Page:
Springtime of junior year and the summer prior to senior year is the excellent time for students and their families to visit colleges of interest to them. It also provides a perfect excuse for a family vacation. There is no better way to get a “feel” for a campus and how you fit in than to spend some time there. As an added bonus, you will be showing demonstrated interest which many colleges value in a competitive admission process.
Here are some tips to make the most of your college visits:
- Sign up online or by phone. Remember to ask if interviews are available so you don’t miss out on the opportunity.
- Sign in with the Admissions Office for your tour and presentation.
- Try to tour when classes are in session. Ask if it is possible to attend a class.
- Visit a variety of colleges (urban, suburban, rural, large, small, reaches, safeties, 50/50’s, public, private) to get a better understanding on the differences between them.
- Consider visiting other colleges close by to maximize your trip.
- Check out the student newspaper.
- Eat in a dining hall.
- Take notes and pictures. These may be helpful when writing your supplemental essays.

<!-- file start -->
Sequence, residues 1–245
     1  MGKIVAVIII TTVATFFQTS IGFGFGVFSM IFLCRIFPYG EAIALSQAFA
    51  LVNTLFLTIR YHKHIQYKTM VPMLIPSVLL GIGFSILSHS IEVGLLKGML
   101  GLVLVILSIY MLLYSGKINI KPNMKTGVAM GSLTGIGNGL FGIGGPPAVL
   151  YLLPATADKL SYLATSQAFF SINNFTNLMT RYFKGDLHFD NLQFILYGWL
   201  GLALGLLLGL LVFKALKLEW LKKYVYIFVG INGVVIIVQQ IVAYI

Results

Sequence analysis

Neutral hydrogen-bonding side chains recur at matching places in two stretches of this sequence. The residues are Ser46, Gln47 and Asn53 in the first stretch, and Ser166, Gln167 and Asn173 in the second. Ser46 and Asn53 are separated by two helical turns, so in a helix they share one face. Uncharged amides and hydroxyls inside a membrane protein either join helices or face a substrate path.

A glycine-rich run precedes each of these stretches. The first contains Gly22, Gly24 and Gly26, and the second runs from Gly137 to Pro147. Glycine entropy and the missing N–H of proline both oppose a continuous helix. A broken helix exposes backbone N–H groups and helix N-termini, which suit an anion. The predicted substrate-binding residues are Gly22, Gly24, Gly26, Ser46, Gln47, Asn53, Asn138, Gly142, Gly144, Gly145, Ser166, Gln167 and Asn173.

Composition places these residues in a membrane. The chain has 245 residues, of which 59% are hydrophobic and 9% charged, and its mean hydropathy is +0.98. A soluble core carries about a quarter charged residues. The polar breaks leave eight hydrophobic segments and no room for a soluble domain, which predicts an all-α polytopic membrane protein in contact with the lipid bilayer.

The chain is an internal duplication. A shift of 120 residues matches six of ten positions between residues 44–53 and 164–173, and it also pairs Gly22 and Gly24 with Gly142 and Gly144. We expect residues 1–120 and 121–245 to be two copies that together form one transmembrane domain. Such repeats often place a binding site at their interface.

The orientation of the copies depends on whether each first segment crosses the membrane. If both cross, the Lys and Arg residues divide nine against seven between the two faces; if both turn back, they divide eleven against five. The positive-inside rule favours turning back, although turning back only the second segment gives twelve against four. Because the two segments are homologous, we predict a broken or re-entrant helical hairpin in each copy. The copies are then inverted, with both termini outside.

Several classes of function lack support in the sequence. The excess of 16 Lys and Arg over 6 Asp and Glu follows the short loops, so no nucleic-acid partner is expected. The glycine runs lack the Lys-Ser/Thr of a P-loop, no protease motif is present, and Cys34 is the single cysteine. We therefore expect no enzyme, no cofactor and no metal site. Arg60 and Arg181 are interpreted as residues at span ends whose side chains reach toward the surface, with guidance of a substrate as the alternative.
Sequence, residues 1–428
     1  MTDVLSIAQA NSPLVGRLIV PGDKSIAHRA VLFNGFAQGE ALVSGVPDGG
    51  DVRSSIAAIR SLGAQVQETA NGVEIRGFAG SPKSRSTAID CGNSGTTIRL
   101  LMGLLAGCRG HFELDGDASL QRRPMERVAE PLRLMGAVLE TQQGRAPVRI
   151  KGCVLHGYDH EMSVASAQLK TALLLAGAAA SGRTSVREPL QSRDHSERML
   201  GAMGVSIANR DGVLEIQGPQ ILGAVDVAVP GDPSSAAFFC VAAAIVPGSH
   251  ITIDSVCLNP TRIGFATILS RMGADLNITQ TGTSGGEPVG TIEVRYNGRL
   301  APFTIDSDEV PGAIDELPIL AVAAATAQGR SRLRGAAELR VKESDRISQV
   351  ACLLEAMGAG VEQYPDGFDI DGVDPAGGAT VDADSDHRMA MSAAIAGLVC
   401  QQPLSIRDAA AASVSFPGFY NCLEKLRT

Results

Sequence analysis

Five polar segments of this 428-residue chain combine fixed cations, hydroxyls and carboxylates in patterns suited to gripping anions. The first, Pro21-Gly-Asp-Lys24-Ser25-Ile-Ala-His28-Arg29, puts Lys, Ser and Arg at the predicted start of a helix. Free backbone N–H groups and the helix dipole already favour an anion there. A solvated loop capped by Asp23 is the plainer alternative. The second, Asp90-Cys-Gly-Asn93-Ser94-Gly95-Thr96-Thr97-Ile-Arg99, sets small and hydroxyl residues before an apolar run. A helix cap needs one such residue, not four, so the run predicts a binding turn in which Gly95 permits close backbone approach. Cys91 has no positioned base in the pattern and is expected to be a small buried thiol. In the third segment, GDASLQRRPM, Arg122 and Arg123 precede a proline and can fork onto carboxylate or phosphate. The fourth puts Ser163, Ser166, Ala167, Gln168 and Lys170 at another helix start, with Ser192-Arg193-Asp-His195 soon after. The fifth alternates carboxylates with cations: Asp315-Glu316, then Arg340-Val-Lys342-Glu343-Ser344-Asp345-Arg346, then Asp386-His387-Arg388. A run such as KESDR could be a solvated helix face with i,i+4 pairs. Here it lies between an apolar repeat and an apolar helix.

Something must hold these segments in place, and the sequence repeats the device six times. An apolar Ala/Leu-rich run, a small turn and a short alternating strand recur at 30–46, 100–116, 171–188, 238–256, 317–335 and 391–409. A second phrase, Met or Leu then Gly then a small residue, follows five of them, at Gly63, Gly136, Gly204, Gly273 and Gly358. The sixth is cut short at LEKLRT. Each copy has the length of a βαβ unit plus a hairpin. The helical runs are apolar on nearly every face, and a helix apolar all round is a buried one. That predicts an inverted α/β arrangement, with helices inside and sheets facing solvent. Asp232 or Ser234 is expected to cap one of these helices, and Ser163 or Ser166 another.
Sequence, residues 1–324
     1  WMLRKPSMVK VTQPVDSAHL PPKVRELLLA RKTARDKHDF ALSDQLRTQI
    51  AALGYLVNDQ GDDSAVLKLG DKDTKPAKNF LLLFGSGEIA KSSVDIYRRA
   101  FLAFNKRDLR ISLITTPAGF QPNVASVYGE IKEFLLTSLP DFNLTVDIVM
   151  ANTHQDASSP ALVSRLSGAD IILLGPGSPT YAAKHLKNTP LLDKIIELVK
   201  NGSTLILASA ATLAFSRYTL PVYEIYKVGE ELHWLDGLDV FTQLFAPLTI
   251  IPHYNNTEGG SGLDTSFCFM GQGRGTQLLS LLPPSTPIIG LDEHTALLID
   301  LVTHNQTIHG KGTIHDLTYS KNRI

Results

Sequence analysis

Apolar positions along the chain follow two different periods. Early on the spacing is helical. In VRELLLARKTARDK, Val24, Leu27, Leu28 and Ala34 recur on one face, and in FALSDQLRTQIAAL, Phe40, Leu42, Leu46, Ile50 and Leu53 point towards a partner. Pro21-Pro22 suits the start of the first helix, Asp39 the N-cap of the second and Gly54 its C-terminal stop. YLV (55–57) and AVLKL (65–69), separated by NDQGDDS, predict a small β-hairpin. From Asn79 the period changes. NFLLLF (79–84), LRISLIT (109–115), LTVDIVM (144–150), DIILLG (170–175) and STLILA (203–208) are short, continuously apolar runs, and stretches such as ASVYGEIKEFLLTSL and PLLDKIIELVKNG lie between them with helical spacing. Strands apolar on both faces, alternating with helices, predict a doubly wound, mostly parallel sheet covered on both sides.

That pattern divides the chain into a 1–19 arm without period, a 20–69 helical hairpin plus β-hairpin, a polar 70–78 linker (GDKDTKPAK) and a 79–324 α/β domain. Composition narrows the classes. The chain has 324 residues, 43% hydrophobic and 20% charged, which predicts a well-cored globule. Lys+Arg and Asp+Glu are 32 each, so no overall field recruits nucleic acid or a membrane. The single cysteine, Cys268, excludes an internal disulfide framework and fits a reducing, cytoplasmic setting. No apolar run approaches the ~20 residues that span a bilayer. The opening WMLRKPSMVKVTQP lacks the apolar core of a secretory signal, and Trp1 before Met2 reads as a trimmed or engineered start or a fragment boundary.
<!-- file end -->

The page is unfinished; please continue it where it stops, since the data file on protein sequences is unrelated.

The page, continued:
- Ask about career planning and job placement assistance.
- Inquire about the array of student activities available.
- Engage in conversation with current students around campus, in the residence halls, and in the dining facility.
- Ask about how accessible professors are to students.
- If you know any current students, try to make prior arrangements to get together, even possibly planning an overnight stay in a dorm.
- Official tours usually consist of a tour and presentation with time allotted for questions and answers.
- In addition to learning about a college’s positive attributes, I also want to be informed of the negative ones. Consider asking, if you could change anything about your college what would it be?
- Take business cards from admission officers you meet and your tour guides. Remember to write timely thank you notes.
- Many college admission officers also host college information sessions at high schools. Make an effort to attend them as well. Sign in for those too as demonstrated interest is often noted.
Due to financial and time constraints, it probably will not be possible to visit all the colleges one is interested in. Virtual tours are an alternative when an in person visit is just not possible, as well as meeting with admission representatives that visit your high school. For those students considering applying early decision, as a private college counselor, I strongly advise visiting the campus first before filing a binding admission application. If a student is still undecided after admission decisions have been rendered, I highly recommend visiting those campuses where the student has been offered admission. As an independent college consultant, Pam Ohriner, of Helping Hand College Guidance, can help you plan your college tour to make the most of your college visits. Please contact us at Pamela@helpinghandcollegeguidance.com if you have any questions or would like to inquire about our services.